In recent decades girls’ and women’s education and health in most poor countries have dramatically improved. But progress in women’s economic opportunities is still lagging. In many emerging market economies, women consistently trail men in formal labour force participation, access to credit, entrepreneurship rates, income levels, and inheritance and ownership rights.
The story is very different in richer countries. Throughout the 1980s and 1990s, women entered the workforce in droves, fuelling economic growth such that today many women lead global corporations and countries.
Yet even in the richest countries, full equality is still some distance away. Women, on average, earn 75% of their male co-workers’ wages, and the difference cannot be explained solely by schooling or experience. In many other countries, women have fewer educational and employment opportunities than men, are more often denied credit, and endure social restrictions that limit their chances for advancement. In some developing countries, women still cannot vote, own property, or venture outside the home without a male family member.
The Women’s Economic Opportunity Index: The first of its kind
To gain a better understanding of the factors that influence women’s economic opportunity – and how countries have addressed them – the Economist Intelligence Unit (2010) has constructed a pilot Women’s Economic Opportunity Index, the first of its kind. This index builds on, and extends, prior work done by the UN Development Program on its Gender-related Development Index (GDI) and the World Economic Forum’s Global Gender Gap Index.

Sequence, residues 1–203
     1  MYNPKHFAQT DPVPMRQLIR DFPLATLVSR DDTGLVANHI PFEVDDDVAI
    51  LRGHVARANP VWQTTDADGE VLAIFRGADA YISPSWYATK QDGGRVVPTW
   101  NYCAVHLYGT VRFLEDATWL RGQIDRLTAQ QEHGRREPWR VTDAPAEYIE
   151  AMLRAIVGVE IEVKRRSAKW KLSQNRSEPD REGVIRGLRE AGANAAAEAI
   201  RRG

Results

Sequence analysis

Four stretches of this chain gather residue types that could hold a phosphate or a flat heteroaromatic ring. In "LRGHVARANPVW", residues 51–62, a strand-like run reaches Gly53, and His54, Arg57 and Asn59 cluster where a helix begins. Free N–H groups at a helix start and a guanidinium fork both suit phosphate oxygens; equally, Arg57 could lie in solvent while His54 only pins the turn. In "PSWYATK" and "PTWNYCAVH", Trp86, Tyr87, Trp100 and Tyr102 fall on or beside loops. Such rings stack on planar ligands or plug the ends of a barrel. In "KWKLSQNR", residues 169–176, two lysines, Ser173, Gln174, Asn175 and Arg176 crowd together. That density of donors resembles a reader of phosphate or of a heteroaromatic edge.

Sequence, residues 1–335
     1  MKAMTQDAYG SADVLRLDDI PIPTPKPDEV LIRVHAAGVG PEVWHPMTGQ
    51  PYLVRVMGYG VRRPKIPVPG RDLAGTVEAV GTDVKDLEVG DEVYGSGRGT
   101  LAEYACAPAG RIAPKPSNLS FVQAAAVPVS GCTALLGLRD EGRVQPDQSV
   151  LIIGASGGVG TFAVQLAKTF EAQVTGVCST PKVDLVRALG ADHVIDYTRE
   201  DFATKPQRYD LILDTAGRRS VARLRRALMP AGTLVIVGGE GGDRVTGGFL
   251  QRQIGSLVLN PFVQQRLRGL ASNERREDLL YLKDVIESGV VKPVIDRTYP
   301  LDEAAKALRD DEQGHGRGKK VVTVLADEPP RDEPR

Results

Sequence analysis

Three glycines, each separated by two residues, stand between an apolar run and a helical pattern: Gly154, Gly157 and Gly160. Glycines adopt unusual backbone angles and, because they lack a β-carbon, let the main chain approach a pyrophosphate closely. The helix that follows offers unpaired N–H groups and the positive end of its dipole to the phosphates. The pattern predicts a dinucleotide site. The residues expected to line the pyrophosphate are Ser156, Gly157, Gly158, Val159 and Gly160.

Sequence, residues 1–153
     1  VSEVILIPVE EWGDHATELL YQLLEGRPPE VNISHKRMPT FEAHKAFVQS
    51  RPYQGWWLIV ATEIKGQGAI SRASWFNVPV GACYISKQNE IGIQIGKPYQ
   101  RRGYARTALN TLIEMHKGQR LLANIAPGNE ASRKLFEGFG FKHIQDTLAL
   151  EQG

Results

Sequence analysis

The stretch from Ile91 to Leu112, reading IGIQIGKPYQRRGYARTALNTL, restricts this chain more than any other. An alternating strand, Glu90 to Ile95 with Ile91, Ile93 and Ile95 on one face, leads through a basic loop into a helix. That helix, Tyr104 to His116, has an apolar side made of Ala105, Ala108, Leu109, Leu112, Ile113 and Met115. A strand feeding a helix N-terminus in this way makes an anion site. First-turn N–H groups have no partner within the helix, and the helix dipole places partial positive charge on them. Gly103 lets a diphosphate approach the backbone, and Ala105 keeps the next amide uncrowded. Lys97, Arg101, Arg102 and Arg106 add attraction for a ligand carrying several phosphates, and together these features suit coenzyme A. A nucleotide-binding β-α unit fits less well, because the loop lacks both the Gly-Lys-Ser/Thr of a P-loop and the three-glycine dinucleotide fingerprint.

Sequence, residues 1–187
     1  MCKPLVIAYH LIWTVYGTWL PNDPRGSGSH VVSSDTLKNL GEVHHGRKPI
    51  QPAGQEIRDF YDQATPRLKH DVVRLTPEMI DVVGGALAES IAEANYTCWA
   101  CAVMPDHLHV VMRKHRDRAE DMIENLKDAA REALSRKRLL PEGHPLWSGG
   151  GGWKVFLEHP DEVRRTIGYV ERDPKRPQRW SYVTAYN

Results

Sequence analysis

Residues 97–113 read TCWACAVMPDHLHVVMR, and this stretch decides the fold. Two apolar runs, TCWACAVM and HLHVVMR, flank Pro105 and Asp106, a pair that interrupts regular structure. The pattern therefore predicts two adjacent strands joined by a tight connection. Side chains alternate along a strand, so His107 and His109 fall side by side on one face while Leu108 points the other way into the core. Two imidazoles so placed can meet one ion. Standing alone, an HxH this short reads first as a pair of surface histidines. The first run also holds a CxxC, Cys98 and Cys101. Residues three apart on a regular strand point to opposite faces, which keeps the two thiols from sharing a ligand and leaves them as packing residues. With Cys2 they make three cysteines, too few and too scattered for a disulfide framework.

Women’s economic opportunity is defined as a set of laws, regulations, practices, customs and attitudes that allow women to participate in the workforce under conditions roughly equal to those of men, whether as wage-earning employees or as owners of a business. The goal of this index is to spur debate and research on the factors that affect women’s ability to access jobs and business opportunities. It is also intended to prompt improvements in policy and programmes that will encourage women’s participation in the workplace and thus create more productive economies overall.
Working closely with a panel of experts and advisers, the index has indentified determinants of women’s economic opportunity in the formal sector, from educational attainment to legal and regulatory restrictions. Gender-related data has been collected and analysed from a wide range of trusted international sources, including the World Bank, the UN, the International Labour Organisation, the World Economic Forum, and the OECD. Existing datasets have been supplemented with new indicators created and scored by the Economist Intelligence Unit’s own team of analysts and contributors. The new indicators attempt to capture information that research shows is important to women’s economic opportunity but for which there are no globally comparable data, such as access to childcare and the availability of training for women running small- and medium-sized enterprises.
The result is a new ranking of economic opportunity for women in 113 economies.
What the index shows